Those of us who live with many animals, and I have had sheep, goats, horses, oxen, dogs, many cats, chickens, turkeys, geese, ducks etc. etc. easily tame and live with wild animals, too.  It comes naturally.  Easy as anything, once you can figure out one critter, the rest comes along pretty easily.

 

But keeping wild animals should be discouraged.  I had to give up all my wild animals, mostly I rehabilitated them so they could live in the wild and looked after them when they left, but Bob the Cat didn’t have that, he went to the Desert Museum to be their spokes-kitty because he would have been shot in the wild, being unafraid of hunters.

 

Spotty the Skunk went there, too.  Since she was hand-tamed from near birth, it was safer for her.  People who collect wild pets today mostly buy them from dealers who keep former wild animals in cages and breed them.  I am totally against this.

 

All my wild friends came to me via happenstance, except for the alligator, yes, I fell for that one and learned a hard lesson from it.  Otherwise, they were all wild animals I kept when they were babies and doomed to death and gave them all life and then did the right thing with them.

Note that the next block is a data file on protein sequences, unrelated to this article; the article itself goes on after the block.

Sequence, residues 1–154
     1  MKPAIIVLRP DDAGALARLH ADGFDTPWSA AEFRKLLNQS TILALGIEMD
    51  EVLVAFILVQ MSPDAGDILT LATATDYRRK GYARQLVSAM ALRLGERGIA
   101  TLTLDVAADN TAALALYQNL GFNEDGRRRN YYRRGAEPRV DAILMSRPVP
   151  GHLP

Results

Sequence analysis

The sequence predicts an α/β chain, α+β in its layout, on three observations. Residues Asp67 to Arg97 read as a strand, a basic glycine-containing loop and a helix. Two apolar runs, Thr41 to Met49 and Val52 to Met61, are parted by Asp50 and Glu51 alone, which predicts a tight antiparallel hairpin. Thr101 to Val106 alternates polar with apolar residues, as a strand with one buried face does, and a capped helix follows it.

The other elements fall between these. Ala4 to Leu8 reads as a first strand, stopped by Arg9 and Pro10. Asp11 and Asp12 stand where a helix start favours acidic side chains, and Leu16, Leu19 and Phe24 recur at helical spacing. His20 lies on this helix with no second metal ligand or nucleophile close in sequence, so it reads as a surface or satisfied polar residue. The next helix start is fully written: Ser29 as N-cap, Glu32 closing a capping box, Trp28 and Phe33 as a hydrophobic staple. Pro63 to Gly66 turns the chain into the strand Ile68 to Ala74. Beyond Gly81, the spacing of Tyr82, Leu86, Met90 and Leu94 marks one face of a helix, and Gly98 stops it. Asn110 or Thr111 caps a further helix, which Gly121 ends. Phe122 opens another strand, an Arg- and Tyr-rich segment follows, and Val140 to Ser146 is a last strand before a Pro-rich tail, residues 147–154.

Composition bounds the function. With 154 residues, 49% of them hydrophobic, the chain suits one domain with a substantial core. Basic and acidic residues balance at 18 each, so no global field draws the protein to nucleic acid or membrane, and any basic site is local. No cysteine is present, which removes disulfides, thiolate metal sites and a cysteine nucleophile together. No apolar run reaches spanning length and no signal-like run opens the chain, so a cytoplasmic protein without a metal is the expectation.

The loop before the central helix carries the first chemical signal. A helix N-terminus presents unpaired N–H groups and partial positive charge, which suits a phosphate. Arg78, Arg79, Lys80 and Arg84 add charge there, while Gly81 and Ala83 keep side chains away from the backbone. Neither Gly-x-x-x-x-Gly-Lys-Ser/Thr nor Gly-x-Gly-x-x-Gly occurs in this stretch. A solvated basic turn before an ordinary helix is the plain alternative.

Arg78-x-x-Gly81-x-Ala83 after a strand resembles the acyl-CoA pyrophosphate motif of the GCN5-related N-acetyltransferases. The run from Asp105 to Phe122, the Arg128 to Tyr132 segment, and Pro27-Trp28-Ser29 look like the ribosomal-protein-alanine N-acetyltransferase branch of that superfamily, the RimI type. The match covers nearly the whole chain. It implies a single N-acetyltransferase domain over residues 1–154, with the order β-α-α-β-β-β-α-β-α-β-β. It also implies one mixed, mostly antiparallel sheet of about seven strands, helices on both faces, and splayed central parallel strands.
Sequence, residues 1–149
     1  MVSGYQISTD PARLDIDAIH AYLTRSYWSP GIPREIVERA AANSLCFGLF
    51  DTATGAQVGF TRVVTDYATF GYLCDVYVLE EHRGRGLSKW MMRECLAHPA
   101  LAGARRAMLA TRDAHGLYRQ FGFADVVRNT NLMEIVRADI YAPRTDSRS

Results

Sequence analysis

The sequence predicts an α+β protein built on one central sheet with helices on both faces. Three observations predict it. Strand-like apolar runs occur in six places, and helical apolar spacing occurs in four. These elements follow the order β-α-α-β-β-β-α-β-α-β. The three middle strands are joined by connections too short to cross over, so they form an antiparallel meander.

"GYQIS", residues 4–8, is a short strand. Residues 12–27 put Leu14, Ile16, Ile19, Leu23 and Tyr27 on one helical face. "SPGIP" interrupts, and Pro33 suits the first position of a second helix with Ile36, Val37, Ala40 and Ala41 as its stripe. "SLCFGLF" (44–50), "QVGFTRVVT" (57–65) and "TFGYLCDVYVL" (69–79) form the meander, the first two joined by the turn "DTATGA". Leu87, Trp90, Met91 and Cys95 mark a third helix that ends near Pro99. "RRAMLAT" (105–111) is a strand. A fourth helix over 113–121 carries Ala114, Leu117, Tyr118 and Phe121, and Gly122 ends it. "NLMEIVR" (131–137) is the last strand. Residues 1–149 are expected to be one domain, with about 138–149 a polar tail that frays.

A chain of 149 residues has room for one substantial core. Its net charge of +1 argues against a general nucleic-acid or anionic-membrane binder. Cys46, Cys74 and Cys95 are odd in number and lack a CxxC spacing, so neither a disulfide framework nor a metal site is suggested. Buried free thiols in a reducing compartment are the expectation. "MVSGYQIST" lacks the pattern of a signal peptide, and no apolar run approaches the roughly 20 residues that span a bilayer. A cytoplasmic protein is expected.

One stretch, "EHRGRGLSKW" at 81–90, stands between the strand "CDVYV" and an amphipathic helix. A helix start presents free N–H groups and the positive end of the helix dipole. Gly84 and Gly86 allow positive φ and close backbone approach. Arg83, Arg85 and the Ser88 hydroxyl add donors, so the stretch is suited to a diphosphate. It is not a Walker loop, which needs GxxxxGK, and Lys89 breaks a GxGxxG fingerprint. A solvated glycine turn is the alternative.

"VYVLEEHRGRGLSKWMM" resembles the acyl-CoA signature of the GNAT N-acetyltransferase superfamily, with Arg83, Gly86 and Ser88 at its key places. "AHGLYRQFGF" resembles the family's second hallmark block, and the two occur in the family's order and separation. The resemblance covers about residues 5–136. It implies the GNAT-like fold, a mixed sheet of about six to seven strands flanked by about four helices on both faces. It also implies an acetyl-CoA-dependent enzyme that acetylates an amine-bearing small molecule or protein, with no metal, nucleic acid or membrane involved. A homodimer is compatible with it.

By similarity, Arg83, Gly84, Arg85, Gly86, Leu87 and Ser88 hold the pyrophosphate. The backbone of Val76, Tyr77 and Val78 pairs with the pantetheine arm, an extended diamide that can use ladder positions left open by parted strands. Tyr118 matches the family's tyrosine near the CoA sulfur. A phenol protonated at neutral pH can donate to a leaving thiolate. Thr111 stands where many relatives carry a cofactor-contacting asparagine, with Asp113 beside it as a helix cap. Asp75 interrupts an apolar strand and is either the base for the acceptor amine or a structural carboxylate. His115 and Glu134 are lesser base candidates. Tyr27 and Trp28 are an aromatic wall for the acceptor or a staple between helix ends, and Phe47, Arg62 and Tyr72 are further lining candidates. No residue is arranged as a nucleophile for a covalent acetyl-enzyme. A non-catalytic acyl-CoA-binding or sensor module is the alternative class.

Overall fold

Wild animals are not safe pets and it is like taking in pit bull dogs: you never know when they will decide to kill someone.  And it is simply cruel to keep them penned up.  There are plenty of domestic animals who are interesting and safer.

 


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5 Comments

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5 responses to “Wild Animals As Pets Isn’t Really Smart

  1. billibaldi

    The animal communication bit , for other readers, is a reported side effect of NDE. Also the ability to affect watches and electronic devices, and sensitivity to weather.

    I would certainly reiterate the bit about wild animals, it almost always ended badly for the wild animal. (Childhood in Africa.)

  2. emsnews

    Yes, I was very very careful when I got older than 10 years, in the ‘rehabilitation’ of wild animals and did this quite successfully as time went on. Learned a lot about this process over the years.